In a letter to Senate Judiciary Chairman Patrick Leahy (D-VT) last night, Bradley Schlozman wrote to “clarify” his testimony before the committee last night.
Grilled by a number of senators over his decision as U.S. attorney for Kansas City to bring four voter fraud indictments just days before last year’s election, Schlozman repeatedly testifed that he’d brought the indictments “at the direction” (he used the phrase ten times) of the director of the Election Crimes Branch in the Public Integrity Section. That raised more than a few eyebrows on the panel since that director, Craig Donsanto, is the man who wrote the DoJ manual discouraging such investigations close to an election.
Schlozman’s story had the effect of distancing himself from the controversial decision and pinning it on a Department veteran.
Now Schlozman is changing his story:
As required by Section 9-85.210 of the U.S. Attorney’s Manual, at my direction, the Assistant United States Attorney assigned to the case consulted with the Election Crimes Branch prior to the filing of the indictments. I want to be clear that, while I relied on the consultation with, and suggestions of, the Election Crimes Branch in bringing the indictments when I did, I take full responsibility for the decision to move forward with the prosecutions related to ACORN while I was the interim U.S. Attorney.
In other words, somehow, some way, Schlozman was able to get a green light for the indictments.
Sen. Leahy, reacting to Schlozman’s letter, thinks it’s more than a “clarification” — and points out that it’s far from the first time a Justice Department official has misled Congress over the past few months:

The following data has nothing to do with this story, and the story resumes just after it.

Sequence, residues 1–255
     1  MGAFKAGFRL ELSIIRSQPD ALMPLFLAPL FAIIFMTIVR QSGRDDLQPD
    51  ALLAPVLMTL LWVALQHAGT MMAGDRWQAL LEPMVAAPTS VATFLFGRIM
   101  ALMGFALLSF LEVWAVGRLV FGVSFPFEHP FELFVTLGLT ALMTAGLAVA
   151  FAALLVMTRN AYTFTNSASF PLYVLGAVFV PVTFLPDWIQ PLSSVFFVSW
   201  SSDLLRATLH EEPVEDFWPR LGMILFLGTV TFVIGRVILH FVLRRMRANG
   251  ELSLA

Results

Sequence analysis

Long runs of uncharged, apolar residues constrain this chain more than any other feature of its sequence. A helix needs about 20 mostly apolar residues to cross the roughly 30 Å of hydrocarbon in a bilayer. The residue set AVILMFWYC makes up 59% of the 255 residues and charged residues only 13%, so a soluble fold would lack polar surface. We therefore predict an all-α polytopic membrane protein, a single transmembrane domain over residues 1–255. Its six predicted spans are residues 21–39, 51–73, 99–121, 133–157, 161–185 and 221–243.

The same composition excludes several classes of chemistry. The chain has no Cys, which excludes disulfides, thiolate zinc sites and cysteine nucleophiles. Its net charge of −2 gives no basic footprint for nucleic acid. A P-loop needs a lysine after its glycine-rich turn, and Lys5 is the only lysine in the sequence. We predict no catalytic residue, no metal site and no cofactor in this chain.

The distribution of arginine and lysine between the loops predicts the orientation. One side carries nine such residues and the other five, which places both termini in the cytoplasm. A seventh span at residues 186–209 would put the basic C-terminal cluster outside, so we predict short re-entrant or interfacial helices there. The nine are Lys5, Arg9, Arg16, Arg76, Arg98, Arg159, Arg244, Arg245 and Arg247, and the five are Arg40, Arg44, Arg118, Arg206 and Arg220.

âIt is deeply troubling that after weeks of preparation Mr. Schlozman appears to have misled the Committee and the public about his decision to file an election eve lawsuit in direct conflict with longstanding Justice Department policy.
I asked him repeatedly about this case at the hearing because of concerns that it was done to use law enforcement power improperly to affect the outcome of the election, which is the reason the Department instituted the policy as a safeguard against such manipulation.
âThis Justice Department and this Administration already suffer from a severe credibility crisis, and learning that yet another senior official was less than forthcoming during his testimony before Congress does little to restore any of the lost trust or eroding confidence in their leadership. It is difficult to get to the facts when Administration officials fail to come clean, but the Committee will continue to pursue the truth behind this matter.â